Several phishing schemes allegedly use fake emails from the IRS to lure their victims. Phishing is a scam where internet criminals send fake messages to trick unsuspecting victims into revealing personal and financial information they use to steal the victim’s identity.
The latest IRS phishing scam promises taxpayers that they will get more money back from their reimbursement.
The body of the email contains text similar to this:
“After the last annual calculations of your fiscal activity, we have determined that you are eligible to receive a $ 109.30 tax payment,”
This recent phishing attack claims to be from the Internal Revenue Service, the U.S. Treasury Department and even includes the agency’s official logo.
David Stewart, an agency spokesman for the Philadelphia IRS office, warns computer users, “The IRS will never send you an email – ever.”
Some other recent IRS phishing scams include the following:
May 31, 2007-
The IRS is warning taxpayers an email that should trick people into thinking they were under investigation by the agency’s Criminal Investigation Department. This email is actually a Trojan Horse virus. So, if you receive these unsolicited IRS emails, do not open it or attachments and never provide personal financial information in an email from any unwanted source.
April 2, 2007-
Internet criminals used fake emails to direct consumers to a web link requesting personal and financial information. These types of emails are used to steal the taxpayer’s identity and then their financial assets. Criminals use this data for everything from driveway fees to obtaining IRS reimbursements that belong to the unsuspecting victim.
July 19, 2006-
The IRS reports on a phishing email claiming to come from the “IRS Antifraud Commission” and claims that someone has enrolled the taxpayer’s credit card into the IRS’s (EFTPS) electronic federal tax payment system. This email says that there have been fraud attempts involved in the taxpayer’s bank account, and asks recipients to click on a link to recover the funds. This link goes to a website that asks for personal information, which the thieves then use to steal the taxpayer’s identity.
The Treasury Department has fielded more than 23,000 complaints about IRS phishing campaigns since they began tracking these scams in 2005. Congressional investigators recently estimated that phishing costs consumers approximately. $ 1 billion a year.
If you receive what you believe to be a fake email from the IRS, forward it to firstname.lastname@example.org. This will help the IRS inform consumers about the latest threats.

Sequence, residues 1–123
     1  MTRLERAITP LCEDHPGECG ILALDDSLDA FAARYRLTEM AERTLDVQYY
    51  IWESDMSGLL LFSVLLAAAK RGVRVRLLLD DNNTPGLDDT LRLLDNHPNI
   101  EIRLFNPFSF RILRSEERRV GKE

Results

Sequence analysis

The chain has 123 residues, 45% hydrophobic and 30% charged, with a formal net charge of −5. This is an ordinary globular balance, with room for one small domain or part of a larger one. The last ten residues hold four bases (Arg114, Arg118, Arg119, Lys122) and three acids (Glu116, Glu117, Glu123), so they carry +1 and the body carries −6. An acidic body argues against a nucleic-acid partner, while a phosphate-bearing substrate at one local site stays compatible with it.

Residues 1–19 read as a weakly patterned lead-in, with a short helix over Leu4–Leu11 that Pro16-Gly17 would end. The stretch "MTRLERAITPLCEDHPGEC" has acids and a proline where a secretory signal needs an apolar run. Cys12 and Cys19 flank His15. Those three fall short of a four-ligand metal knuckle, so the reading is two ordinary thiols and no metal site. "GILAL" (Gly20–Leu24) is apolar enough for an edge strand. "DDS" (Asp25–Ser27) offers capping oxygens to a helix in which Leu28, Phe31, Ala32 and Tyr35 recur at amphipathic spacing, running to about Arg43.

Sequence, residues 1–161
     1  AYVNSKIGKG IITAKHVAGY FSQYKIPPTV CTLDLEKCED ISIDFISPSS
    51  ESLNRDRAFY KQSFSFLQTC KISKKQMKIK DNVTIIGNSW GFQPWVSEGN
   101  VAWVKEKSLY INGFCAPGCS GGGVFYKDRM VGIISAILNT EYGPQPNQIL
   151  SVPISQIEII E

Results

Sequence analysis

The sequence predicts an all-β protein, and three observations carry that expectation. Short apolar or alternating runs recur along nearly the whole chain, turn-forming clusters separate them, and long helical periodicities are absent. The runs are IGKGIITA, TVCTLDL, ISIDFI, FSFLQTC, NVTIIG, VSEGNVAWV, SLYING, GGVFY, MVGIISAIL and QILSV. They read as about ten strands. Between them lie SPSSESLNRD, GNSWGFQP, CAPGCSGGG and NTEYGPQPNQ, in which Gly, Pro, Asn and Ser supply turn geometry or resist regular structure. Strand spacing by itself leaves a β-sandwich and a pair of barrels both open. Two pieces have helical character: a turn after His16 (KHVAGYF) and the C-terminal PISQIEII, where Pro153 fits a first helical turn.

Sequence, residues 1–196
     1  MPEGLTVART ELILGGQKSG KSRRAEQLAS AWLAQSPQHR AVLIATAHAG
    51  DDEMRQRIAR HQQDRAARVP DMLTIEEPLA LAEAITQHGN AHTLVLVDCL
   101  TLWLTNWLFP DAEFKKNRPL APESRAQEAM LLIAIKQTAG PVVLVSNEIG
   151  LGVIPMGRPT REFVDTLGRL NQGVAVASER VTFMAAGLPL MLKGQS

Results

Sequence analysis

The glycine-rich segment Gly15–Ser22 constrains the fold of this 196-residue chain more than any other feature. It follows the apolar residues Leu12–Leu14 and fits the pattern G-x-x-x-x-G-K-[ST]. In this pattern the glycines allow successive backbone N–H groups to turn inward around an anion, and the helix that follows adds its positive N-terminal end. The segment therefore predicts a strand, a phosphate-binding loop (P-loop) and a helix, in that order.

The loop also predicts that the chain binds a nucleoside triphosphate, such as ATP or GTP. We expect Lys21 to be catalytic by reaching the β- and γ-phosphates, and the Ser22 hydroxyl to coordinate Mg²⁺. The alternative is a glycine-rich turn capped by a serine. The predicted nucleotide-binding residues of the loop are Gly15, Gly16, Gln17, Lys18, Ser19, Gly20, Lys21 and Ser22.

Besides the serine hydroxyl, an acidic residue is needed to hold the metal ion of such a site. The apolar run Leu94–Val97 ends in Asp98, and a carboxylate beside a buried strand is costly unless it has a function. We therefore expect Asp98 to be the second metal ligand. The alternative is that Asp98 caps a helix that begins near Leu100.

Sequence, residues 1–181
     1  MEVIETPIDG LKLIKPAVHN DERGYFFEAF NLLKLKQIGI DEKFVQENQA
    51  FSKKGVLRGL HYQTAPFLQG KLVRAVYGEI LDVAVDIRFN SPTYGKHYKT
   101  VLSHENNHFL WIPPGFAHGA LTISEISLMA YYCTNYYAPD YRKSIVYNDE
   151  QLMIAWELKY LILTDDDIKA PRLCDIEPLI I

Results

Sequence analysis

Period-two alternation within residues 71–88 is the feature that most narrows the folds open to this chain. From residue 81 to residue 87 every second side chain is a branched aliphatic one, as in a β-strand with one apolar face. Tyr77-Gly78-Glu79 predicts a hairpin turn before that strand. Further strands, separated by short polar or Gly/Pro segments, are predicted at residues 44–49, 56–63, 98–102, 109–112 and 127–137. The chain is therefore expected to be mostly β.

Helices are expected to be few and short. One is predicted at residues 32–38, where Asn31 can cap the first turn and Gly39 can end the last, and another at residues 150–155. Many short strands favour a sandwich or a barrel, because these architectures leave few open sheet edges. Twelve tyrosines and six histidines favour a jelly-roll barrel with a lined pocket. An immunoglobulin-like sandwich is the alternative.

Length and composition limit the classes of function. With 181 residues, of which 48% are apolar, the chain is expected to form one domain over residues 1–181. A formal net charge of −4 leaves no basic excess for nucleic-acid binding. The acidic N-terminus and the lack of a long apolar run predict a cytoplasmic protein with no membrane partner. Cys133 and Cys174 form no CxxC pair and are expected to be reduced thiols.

The number of these types of attacks on the Internet is increasing at an alarming rate, and if computer users did not fall for these schemes, the criminals would stop making money and stop using these tactics.
Some ways to help protect your computer from phishing, spyware and internet scams are:
1. At the very least, you need a fully up-to-date, comprehensive antivirus and antispyware program, including firewall protection, email protection, instant messaging, virus scanning and virus removal and spyware removal and detection, and fast and friendly Technical Support. StopSign’s Internet Security Suite includes all this and more and can be found at stopsign.com.
2. It is also very important to never click on links or open emails or attachments from unknown sources.
3. You should never provide private information over the Internet unless you are absolutely certain that you are dealing with a legitimate business. It is usually safe to avoid unsolicited materials together.
4. Be careful about what you download to your machine. Always make sure that you read the company’s EULA (End User License Agreement), which is sometimes also called (Terms of Service), and if they don’t have one at all, be very suspicious. Many EULASs contain fine print that explains a company’s information sharing practice. If that sounds like an invasion of your privacy, do not download the software.
The IRS is just one of countless legitimate institutions used to target phishing campaigns to computer users. Protect yourself and your family’s privacy by practicing safe internet habits. Don’t let the Phishans reel you in, either.